The number of researchers in the Philippines is also one of the lowest in the region. As a result, new knowledge generated, as measured in terms of scientific and technical journal articles, is also one of the lowest. The number of patent applications by residents also reflects the same trend.

Enhancing the country’s S&T capacity depends on good policies and practices that improve the investment climate for S&T and promote coordination and synergy between academe and industry. Policies that promote greater human resource development, facilitate demand for knowledge from the private sector, enhance public support for and management of knowledge institutions, and facilitate access to information and communication technologies (ICT) infrastructure must be coordinated and harmonized in order to create the conditions in which S&T capacity deepens and consolidates. Scientific research institutions and organizations like the NAST have a crucial role to play in generating the basic knowledge needed to build new technologies, and in promoting collaboration between researchers and entrepreneurs. A major part of the R&D work will still be initiated by government. But we hope that the private sector would increase their R&D efforts as well.

As we in government work to improve the business environment and invest in S&T and human capital development, we hope that our partners in the S&T community and in the industry sector will also take the necessary steps to increase their efficiency, productivity and competitiveness. As mentioned earlier, one way to do this is to increase  research, development and innovation efforts. To lessen our export dependence on mainly electronics and semiconductors, we hope that our private sector partners will also diversify and expand production of high value products, and increase investments on backward and forward linkages to boost the multiplier effects of our industries.

We are well aware that there are many other factors, aside from S&T innovation, that we must address if we are to truly revive Philippine industries and to ensure that growth is sustainable and inclusive.

To sustain the growth, we need to ensure that economic growth benefits everyone, regardless of location or social status. To do this we need to:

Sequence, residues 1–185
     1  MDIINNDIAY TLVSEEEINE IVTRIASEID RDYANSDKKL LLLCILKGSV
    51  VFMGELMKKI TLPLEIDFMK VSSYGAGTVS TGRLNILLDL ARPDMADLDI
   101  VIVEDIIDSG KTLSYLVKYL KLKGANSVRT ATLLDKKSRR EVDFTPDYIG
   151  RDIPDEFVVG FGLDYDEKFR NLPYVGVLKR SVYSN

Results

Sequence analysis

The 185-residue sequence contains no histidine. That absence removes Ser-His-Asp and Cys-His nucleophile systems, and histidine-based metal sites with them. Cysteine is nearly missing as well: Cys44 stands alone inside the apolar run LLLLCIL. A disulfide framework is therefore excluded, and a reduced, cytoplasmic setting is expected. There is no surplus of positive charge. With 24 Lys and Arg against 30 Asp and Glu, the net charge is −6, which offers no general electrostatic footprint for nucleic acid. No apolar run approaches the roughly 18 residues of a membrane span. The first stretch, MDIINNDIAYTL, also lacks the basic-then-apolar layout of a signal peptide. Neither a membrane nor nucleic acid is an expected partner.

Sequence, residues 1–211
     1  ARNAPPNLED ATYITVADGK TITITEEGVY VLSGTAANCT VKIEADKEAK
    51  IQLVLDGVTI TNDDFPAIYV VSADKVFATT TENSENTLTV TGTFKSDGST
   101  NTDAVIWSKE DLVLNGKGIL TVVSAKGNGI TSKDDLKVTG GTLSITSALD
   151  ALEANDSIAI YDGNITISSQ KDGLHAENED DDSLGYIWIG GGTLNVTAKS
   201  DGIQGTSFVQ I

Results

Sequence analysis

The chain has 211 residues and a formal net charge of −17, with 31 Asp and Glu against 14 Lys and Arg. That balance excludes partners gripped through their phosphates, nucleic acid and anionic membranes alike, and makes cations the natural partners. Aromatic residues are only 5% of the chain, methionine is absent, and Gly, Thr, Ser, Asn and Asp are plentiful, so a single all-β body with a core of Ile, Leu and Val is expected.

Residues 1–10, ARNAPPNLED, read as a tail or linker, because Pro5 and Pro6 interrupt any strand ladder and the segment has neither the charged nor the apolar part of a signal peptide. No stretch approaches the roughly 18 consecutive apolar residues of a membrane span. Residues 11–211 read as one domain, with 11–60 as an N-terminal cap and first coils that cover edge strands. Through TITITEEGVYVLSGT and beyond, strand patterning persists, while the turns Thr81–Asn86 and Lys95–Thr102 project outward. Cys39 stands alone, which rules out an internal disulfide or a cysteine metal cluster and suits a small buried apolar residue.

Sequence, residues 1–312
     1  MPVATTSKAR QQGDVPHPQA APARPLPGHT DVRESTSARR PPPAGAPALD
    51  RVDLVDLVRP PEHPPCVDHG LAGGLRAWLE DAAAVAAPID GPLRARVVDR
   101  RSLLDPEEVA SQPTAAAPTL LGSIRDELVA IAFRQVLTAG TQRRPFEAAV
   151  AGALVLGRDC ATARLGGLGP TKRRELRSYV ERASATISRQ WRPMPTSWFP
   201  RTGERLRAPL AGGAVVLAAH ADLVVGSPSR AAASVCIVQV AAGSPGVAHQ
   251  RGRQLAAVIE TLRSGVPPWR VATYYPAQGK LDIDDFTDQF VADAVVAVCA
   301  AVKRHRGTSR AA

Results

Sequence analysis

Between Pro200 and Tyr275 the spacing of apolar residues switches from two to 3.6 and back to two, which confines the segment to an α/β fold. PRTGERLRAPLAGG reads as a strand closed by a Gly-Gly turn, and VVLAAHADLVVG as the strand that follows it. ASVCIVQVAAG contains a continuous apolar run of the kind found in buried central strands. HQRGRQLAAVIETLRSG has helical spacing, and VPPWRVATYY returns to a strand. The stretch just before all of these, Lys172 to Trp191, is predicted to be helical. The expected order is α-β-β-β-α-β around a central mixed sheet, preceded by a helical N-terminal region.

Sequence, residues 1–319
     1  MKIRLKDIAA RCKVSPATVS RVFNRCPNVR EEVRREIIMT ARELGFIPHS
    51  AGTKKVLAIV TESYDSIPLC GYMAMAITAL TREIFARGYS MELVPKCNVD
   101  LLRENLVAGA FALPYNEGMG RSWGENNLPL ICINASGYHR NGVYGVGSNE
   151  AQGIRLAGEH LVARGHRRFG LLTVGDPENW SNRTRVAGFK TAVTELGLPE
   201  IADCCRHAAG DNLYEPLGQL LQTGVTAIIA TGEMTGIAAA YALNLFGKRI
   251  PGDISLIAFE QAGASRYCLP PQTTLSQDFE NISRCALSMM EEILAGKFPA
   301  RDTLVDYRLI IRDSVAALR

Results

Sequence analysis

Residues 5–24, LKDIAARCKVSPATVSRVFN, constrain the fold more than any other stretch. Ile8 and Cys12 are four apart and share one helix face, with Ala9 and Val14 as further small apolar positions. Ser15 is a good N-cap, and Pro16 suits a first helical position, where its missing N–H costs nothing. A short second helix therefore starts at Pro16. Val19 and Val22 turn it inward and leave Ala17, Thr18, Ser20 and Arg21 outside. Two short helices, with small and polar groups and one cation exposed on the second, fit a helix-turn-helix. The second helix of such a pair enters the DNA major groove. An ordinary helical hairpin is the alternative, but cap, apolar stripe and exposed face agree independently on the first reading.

• Shift the structure of the economy from being largely consumption-driven to one that is increasingly led by investments
  • Improve efficiency of public investment to serve as a catalyst for greater private sector participation
  • Connect the regions to facilitate access to markets and basic services
  • Address critical constraints to investments, particularly high power cost, poor infrastructure, policy inconsistencies and administrative inefficiencies
  • Improve revenue and tax efforts to increase resources available for infrastructure and social spending; and
  • Create new drivers of growth that will generate high quality jobs and strengthen regional comparative advantage. These sectors include manufacturing, agriculture and agri-business, tourism, IT-Business Process Management (BPM), housing and infrastructure and logistics. These sectors and industries are spread across the country. Though some of these sectors are not in industry, there is still a lot that can be contributed by industry especially in enhancing backward and forward linkages.
To further increase the capacity of industries to grow and to generate employment, we are pushing for measures to support new investors and to improve access to financing, especially for small and medium enterprises. We are also reviewing the foreign investment negative list and rationalizing fiscal incentives, giving preference to generators of high-quality employment and investment outside of NCR and Metro Cebu.

Successful implementation of these strategies demands a greater sense of urgency among us in government, as well as better coordination between and among the various agencies charged with implementing programs and projects. Under the leadership of our President, we are coordinating our programs and projects to maximize efficiency and effectiveness.

I would like to conclude by presenting you this challenge.  We know that industrialization is crucial to sustained growth and that S&T plays a crucial role on the road to industrialization. But we also would like to see that industrialization-led growth is inclusive as well. As it now stands, as we mentioned earlier, industry is able to absorb only 16% of workers; manufacturing in particular, less than 9%. Our current fast-growing industries have low backward and forward linkages. This needs to change.  We invite you to embark on strategies for inclusive growth.  We are willing to listen, to work together.

Together, let us promote a culture of multi-disciplinary collaboration, knowledge sharing, open dialogue and cross-fertilization of ideas, as we work to harness the benefits of science and technology to improve the lives of our people.
Thank you and good morning.